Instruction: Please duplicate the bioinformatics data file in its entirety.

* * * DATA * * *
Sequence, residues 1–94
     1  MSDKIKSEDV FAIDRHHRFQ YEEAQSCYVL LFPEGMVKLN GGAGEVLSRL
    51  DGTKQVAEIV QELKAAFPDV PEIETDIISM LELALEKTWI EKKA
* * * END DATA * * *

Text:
Sequence, residues 1–94
     1  MSDKIKSEDV FAIDRHHRFQ YEEAQSCYVL LFPEGMVKLN GGAGEVLSRL
    51  DGTKQVAEIV QELKAAFPDV PEIETDIISM LELALEKTWI EKKA